Posted By Kaitlin Soye – Nov. 21, 2011
On October 18th, the European Court of Justice blocked patents for procedures using human embryonic stem cells in a case on appeal from the Federal Patent Court in Germany.
The European Court interpreted relevant provisions of Directive 98/44/EC of the European Parliament and of the Council of 6 July 1998 (the Directive) which dictates that the human body, at any stage of development, cannot be patented (Article 5(1)).
In its decision, the Court adopted a broad definition of “human embryo” to mean a fertilized human ova if that fertilization is such as to commence the process of development of a human being (Directive, Article 6(2)c).
In adjudicating whether the human ES cells that serve as the base material in the patented process held by Brüstle should be included within the concept of “human embryos”, the Court found in the affirmative. The block on these patents on human embryos apply to both scientific research as well as commercial and industrial purposes.
Embryonic stem (ES) cells have almost unlimited self-renewal and differentiation capacity. Groundbreaking ES cell research offers a wide variety of biomedical applications including addressing issues of donor tissue shortages.
The ruling cannot be appealed and applies to all member states of the European Union. It specifically bans procedures that create ES cell lines by destruction of the embryo and use previously developed cell lines. The decision is based on concerns of ethics and public policy. Clara Sattler de Sousa e Brito, patent attorney for the plaintiff, suggests that current patents in good standing will not be invalidated, but they remain difficult to enforce.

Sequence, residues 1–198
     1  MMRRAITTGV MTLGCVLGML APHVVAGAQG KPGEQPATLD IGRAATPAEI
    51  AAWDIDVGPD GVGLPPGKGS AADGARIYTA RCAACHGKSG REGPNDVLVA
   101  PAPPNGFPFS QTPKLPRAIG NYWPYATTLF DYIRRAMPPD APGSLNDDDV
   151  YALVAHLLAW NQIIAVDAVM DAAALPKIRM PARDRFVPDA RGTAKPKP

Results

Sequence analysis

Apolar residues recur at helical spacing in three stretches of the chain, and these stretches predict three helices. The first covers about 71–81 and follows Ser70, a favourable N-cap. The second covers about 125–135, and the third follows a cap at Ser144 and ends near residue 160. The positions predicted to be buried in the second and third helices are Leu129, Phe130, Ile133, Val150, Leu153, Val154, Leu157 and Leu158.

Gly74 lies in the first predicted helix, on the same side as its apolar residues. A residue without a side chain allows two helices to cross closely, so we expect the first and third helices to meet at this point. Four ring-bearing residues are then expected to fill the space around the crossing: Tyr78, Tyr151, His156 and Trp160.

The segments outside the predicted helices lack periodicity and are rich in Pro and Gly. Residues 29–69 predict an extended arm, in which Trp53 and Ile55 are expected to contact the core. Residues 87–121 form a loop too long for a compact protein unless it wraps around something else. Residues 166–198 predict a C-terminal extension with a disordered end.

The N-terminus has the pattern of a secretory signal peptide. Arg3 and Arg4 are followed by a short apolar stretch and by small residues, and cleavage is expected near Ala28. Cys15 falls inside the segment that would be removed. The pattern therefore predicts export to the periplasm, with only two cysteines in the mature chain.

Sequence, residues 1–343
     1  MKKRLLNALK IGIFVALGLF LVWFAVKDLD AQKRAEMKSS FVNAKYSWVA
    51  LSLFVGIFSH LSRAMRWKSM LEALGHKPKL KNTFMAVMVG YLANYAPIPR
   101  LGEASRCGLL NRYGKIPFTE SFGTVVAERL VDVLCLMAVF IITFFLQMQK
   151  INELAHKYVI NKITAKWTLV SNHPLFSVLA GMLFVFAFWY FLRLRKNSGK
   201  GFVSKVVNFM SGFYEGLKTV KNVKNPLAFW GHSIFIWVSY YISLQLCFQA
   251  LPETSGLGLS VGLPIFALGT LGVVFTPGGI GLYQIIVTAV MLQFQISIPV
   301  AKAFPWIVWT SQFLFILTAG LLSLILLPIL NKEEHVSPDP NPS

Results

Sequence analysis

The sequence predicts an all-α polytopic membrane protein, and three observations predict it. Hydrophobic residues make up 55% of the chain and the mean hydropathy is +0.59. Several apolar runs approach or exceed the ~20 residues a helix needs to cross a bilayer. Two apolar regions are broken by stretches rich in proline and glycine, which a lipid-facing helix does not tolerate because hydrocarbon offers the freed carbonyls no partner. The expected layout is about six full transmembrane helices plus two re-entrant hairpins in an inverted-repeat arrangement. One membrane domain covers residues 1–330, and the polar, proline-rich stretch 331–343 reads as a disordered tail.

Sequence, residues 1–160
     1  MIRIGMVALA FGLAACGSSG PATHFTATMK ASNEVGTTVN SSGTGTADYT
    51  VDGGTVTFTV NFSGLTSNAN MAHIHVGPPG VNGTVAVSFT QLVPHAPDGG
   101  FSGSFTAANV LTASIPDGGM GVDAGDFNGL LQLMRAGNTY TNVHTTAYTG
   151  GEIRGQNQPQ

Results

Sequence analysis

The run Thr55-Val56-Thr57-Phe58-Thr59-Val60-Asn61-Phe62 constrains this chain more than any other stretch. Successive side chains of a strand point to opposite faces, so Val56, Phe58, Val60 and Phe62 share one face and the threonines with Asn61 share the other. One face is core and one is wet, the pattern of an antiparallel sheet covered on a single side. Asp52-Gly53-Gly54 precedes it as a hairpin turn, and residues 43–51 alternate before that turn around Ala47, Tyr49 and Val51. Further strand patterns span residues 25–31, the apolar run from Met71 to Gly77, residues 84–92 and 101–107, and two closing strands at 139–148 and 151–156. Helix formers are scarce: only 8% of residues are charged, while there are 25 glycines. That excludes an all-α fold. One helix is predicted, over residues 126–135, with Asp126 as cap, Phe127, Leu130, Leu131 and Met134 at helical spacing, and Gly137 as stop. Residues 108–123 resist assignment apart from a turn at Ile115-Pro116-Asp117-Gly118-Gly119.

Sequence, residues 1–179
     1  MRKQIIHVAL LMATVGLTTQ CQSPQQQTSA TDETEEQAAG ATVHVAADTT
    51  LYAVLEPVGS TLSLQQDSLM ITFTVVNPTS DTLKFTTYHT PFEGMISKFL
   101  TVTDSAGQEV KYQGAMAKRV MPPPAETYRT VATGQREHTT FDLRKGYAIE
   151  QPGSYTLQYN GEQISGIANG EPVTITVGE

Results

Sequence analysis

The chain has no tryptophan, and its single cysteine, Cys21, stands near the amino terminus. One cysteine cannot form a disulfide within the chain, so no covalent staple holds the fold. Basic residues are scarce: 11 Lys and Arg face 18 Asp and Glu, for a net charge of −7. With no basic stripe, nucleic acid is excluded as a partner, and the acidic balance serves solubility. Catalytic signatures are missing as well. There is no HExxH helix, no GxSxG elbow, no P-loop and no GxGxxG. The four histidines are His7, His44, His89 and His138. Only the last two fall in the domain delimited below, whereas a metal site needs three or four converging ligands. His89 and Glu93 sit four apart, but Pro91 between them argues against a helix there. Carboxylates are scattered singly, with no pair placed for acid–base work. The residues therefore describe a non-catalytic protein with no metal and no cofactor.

Similar scientific procedures maintain patent protection elsewhere in the world, including the USA. This ruling has the potential to restrict European scientists and companies from progressing both academic and commercial research. It has been speculated that the lack of patent protection may dissuade companies from investing in European research and negatively impact funding for basic research of ES cells.1
Although this ban has blocked ES cell-based patents in Europe, scientific research continues to advance. This may be an opportunity to revisit the field for research into induced pluripotent stems cell (adult somatic cells forced into pluripotency) based therapies in Europe.
1 Callaway, E, “European court bans patents based on embryonic stem cells” (18 October 2011) available online: Nature.
Oliver Brustle v. Greenpeace e.V, 2011 (C-34/10)
Directive 98/44/EC of the European Parliament and of the Council of 6 July 1998 (L213/13)
Bishop, AE, LDK Buttery and J M Polal. Embryonic stem cells. The Journal of Pathology. July 2002, 197(4) 424-429.
Briggs, H. European court ruling ‘threatens stem cell work.’ BBC (Online). 18 October 2001.